The longan is a tropical tree native to southern China. Its name means "dragon eye". It is also found in Southeast Asia where it is called guiyuan in Chinese, lengkeng in Indonesia, mata kucing (literally "cat's eye") in Malaysia, nhan in Vietnamese, and Mora in Sinhalese.

Longan trees can grow up to 12 metres in height. They require sandy soil and temperatures that do not typically go below 4.5 degrees Celsius. Longans and lychees bear fruit at around the same time of the year. The longan ("dragon eyes") is so named because of the fruit's resemblance to an eyeball when it is shelled (the black seed shows through the translucent flesh like a pupil/iris). The seed is small, round and hard. The fruit is edible, and is often used in East Asian soups, snacks, desserts, and sweet-and-sour foods, either fresh or dried, sometimes canned with syrup in supermarkets. The seeds of fresh longan can be boiled and eaten, with a distinctive nutty flavor. Dried longan are often used in Chinese cuisine and Chinese sweet dessert soups. In Chinese food therapy and herbal medicine, it is believed to have an effect on relaxation. In contrast with the fresh fruit, which is juicy and white, the flesh of dried longans is dark brown to almost black. In Chinese medicine the longan, much like the lychee, is considered a "warm" fruit.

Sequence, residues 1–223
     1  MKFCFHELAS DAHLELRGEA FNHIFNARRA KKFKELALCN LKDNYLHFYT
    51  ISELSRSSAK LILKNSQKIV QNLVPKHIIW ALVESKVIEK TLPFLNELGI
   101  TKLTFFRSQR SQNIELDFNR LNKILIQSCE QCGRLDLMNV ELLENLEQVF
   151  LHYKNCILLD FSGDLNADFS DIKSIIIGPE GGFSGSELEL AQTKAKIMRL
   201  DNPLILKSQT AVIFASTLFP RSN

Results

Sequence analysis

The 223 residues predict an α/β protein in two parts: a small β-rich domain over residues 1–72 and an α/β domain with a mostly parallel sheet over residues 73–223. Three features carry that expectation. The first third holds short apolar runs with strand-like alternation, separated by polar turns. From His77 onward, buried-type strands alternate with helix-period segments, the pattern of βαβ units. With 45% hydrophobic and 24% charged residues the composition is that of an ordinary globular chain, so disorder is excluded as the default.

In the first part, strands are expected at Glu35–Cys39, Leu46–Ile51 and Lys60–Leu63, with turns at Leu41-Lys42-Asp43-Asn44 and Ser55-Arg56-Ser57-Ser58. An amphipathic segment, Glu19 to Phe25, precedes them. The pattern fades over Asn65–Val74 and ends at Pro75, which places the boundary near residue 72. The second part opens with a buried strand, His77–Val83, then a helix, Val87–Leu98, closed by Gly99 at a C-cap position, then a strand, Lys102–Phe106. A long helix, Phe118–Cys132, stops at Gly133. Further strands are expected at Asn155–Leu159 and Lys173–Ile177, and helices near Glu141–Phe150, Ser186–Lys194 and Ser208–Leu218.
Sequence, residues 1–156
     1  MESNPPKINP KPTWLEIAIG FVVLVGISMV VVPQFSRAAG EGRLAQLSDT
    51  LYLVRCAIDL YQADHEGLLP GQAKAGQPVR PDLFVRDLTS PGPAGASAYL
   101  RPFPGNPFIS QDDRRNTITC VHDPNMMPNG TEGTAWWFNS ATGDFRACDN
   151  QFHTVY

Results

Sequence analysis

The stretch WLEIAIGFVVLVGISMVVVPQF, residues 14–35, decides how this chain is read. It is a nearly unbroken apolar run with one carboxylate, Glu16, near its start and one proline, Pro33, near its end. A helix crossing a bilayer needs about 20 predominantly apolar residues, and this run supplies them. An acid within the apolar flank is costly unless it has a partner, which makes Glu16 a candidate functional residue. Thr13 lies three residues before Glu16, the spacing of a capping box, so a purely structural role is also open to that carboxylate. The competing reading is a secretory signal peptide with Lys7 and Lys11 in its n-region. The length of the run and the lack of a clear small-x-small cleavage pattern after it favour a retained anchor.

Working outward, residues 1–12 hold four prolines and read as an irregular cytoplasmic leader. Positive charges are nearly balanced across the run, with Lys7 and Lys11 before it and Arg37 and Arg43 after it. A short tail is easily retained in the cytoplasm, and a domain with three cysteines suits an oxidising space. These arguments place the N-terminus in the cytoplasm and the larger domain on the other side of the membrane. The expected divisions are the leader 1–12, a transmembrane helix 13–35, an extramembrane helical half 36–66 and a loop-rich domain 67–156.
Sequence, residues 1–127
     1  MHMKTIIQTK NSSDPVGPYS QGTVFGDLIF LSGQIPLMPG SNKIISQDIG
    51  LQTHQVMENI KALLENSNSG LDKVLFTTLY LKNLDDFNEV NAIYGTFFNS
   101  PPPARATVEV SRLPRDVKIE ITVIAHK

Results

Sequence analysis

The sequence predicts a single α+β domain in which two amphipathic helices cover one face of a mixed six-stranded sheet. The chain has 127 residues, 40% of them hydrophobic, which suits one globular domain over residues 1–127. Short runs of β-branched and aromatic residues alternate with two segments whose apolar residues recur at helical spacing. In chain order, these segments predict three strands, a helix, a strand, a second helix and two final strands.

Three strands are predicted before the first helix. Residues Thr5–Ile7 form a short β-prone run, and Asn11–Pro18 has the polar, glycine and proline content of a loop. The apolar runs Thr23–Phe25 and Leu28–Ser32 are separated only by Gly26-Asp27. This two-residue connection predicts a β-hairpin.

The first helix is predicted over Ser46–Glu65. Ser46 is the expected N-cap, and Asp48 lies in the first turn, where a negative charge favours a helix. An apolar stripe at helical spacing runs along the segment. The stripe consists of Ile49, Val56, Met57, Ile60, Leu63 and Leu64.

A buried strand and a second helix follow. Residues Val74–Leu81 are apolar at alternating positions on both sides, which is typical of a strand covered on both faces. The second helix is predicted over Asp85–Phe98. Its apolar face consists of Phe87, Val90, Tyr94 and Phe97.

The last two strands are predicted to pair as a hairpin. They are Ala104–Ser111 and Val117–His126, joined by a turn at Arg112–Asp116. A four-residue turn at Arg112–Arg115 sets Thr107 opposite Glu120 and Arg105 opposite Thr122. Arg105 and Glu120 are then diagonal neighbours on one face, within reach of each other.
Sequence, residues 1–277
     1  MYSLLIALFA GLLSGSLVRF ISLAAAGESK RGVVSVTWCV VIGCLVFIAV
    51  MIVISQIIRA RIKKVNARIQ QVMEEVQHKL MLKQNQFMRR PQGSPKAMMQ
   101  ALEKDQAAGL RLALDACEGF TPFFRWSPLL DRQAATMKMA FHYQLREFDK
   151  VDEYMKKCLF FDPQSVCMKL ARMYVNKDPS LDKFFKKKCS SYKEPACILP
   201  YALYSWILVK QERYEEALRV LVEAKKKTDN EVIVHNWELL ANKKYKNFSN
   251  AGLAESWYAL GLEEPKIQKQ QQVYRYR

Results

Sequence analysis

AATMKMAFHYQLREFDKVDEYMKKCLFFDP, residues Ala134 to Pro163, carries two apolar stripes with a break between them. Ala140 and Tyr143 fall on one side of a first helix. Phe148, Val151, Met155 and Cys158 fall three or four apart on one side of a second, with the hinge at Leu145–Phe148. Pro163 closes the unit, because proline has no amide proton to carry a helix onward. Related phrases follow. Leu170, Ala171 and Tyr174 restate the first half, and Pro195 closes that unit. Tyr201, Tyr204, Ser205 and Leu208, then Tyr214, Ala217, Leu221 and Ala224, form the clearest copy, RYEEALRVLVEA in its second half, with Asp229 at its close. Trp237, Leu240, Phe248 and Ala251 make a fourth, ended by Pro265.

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authorshipSurukuku (Nelson Ramos-Lopes)
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photo sourcehttp://commons.wikimedia.org/wiki/File:Dimocarpus_longan_fruits.jpg
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Longan treeLongan tree
photo sourcehttp://commons.wikimedia.org/wiki/File:Longan_tree_at_Pine_Island_Nursery.jpg
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